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Public Statements

Remarks by Congresswoman Waters at CBC Press Conference on Debt, Budget

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Date:
Location: Washington, DC

Congresswoman Maxine Waters (D-Calif.) participated in a press conference today with her Congressional Black Caucus colleagues to follow up on the Jan. 28th CBC Debt Commission by rolling out a white paper on the panel's findings, and to discuss the Republicans' extreme budget plans. The following remarks were prepared for delivery:

"Thank you very much. I want to thank Chairman Cleaver for convening this press conference today to follow up on the CBC Commission on the Budget Deficit, Economic Crisis, and Wealth Creation that we held on January 28th. And I'd like to thank Congressman Bobby Scott and my other colleagues here today for their work on these issues.

During my opening remarks at the Commission two weeks ago, I said that "The 112th Congress will be defined by the current $1.6 trillion deficit. Democrats, and Republican lawmakers, are concerned about what impact the deficit will have on the economy, on our ability to borrow funds, and on the continued financial viability of our country. However, even more concerning than the threats the deficit poses are certain proposals to address the deficit."

And during my remarks I focused on the government's important role in investing in and supporting organizations like the Consumer Financial Protection Bureau & the Offices of Minority and Women Inclusion; programs like Section 8 and Community Development Block Grants; and initiatives like affordable housing and helping people avoid foreclosure.

Government investment in people, education, infrastructure, and innovation can create jobs, and these jobs pay for themselves and then some by allowing people to earn, spend, invest, and save.

Simply put, we need the investments now more than ever. One of the experts at my portion of the Debt Panel, Dr. Algernon Austin, had some sobering statistics to share, which are detailed in the CBC report:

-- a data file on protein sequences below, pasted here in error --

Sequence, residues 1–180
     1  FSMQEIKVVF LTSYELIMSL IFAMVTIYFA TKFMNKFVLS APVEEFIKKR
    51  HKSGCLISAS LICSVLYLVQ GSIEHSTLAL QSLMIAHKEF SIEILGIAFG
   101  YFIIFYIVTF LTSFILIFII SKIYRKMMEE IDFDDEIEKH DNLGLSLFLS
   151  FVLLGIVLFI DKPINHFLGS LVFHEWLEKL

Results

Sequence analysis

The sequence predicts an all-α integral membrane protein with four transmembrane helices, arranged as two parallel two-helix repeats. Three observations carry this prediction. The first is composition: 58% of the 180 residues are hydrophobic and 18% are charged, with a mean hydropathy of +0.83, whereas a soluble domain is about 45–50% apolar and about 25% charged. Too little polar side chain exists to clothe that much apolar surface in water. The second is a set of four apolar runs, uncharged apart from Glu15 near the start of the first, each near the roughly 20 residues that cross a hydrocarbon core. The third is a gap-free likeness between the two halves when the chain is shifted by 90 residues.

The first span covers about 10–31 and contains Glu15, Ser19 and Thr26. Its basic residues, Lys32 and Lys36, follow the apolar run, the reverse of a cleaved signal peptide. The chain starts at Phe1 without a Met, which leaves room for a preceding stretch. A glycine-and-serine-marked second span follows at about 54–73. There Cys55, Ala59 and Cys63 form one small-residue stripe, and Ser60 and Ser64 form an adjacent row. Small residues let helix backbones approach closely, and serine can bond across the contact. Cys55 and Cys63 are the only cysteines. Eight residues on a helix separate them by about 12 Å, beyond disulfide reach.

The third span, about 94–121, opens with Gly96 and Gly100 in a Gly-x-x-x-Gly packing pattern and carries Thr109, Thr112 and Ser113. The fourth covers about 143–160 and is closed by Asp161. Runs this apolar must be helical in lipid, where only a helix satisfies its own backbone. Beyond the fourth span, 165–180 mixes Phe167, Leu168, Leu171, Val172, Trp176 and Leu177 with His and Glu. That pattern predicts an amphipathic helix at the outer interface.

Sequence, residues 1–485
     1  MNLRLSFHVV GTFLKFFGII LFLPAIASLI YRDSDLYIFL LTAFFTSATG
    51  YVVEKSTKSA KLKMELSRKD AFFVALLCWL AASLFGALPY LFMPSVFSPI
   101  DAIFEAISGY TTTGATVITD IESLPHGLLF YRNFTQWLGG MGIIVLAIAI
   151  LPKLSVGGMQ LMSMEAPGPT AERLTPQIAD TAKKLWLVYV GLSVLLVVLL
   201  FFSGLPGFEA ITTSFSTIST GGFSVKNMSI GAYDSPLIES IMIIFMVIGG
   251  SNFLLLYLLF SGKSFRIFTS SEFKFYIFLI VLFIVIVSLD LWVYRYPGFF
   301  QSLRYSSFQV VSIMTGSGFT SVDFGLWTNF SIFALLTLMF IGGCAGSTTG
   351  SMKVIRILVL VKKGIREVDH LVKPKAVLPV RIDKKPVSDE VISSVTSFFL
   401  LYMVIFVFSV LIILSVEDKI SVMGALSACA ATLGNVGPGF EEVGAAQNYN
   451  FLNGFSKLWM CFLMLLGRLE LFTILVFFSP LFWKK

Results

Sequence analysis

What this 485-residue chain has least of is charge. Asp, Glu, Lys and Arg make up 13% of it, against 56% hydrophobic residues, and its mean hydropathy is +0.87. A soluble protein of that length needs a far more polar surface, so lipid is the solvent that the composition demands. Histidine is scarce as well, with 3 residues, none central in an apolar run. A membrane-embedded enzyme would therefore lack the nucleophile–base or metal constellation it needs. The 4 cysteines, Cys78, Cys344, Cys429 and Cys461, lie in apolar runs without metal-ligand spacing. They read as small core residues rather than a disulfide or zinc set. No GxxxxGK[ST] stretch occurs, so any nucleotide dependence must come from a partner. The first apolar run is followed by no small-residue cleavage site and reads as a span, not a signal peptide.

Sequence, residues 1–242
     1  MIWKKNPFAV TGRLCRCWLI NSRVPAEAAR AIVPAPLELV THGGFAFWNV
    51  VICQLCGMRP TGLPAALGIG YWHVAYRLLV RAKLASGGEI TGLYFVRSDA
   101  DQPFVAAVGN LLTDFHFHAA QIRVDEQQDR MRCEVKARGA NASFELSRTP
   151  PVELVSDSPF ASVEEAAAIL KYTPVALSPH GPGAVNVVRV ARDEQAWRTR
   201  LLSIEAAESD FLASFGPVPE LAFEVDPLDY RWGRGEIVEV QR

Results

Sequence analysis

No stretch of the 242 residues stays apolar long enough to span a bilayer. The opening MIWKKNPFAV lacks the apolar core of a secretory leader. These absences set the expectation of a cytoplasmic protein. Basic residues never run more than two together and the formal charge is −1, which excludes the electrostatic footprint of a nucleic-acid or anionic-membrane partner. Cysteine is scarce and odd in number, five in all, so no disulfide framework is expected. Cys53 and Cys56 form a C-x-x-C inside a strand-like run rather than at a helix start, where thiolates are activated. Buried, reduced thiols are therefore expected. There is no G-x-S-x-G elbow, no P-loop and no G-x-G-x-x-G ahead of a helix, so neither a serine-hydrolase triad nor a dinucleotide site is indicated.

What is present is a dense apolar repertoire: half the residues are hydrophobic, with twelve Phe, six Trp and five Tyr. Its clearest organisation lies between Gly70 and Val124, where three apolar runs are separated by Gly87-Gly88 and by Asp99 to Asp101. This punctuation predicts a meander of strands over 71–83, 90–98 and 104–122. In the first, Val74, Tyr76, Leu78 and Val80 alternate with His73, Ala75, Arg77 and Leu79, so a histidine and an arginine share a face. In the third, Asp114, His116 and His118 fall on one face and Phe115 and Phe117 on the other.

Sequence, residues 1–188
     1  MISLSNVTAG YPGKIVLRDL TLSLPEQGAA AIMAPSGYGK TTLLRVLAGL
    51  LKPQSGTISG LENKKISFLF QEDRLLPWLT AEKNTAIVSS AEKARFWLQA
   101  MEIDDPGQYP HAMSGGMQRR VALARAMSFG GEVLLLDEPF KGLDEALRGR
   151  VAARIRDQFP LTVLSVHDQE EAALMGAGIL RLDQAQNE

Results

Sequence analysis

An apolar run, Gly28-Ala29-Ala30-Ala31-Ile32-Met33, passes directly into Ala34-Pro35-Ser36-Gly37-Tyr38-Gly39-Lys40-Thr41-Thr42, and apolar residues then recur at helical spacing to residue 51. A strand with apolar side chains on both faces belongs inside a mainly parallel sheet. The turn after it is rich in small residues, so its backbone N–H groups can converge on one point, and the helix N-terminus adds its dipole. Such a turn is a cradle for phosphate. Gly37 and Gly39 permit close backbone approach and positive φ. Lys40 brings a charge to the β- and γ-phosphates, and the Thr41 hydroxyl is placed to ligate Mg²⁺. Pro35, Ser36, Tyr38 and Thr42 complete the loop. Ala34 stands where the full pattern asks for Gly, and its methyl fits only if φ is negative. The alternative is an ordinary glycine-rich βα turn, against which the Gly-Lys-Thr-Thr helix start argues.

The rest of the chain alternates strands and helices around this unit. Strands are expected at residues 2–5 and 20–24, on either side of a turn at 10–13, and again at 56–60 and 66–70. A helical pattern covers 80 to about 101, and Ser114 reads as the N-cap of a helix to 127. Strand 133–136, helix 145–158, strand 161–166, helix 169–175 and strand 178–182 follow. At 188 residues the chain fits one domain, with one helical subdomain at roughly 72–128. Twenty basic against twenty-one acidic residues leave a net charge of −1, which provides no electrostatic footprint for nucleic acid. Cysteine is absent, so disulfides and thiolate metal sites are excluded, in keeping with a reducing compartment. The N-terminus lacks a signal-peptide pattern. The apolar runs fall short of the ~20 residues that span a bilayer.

* The U.S. ranked 20th out of 24 countries in providing early childhood education;
* The U.S. ranked 12th out of 36 countries in college completion rates;
* U.S. Schools need nearly $300 billion of required maintenance ;
* 29% of all U.S. transit assets are in poor or marginal condition; and
* The U.S. ranked 15th out of 30 nations in broadband penetration .

These facts should give all policymakers pause. But we can do something about it! Construction workers, technical and transportation experts, childcare providers, teachers, students -- these kinds of populations can be supported through key government investments in jobs.

I want to take a minute to describe one concrete example of an initiative that requires government investment to strengthen communities, improve and upgrade infrastructure, and most importantly create and sustain jobs. Community Development Block Grants (CDBG):

* Helps homeowners rehabilitate their properties, including removing lead paint hazards;
* Empowers cities to pursue code enforcement, so that abandoned properties don't become safe havens for illegal activity;
* Enables cities to improve their infrastructure;
* Allows cities to enforce fair housing laws; and most importantly
* CDBG is a job creator. It funds small business incubation programs; it funds job training and job placement services; and it allows cities to leverage private sector money for economic development.

If you look at the Recovery Act website you can see information on 824 CDBG grants issued since 2009. The data shows that CDBG is creating one job for every $7,000 of federal spending -- a rate 8 times as effective as the rest of the job programs funded under the Act.

In the Republicans' extreme budget plan, CDBG funding would be slashed to $1.5 billion from $4.45 billion annually. Of course, this is just one of their excessive and indiscriminate cuts to the federal budget, but it speaks volumes about their disconnect from what government actually does.

One of the few things they do believe in, however, is that government should cut taxes for the wealthiest among us. The tax-deal that was reached by Congressional Republicans and President Obama late last year is estimated to cost almost $900 billion over 10 years, as laid out in the CBC report and reported elsewhere. That deal, alone, is over half the projected deficit we're currently facing.

So why can't we talk more about that bad deal? Why can't we seriously talk about fiscal reforms to our massive defense budget? Why can't we say if we got rid of the tax cuts for the wealthiest and if we got serious about ending the war in Afghanistan, which currently costs about $2 billion a week, we could make serious inroads toward getting our fiscal house in order?

Well, I am saying it today. We are saying it together through this report and through our commitment to the American people to not balance budgets on the backs of the least of these.

Other solutions to deficit reduction and job creation exist. We only need to summon the courage to have an honest and open conversation about all of our options.

Thank you."


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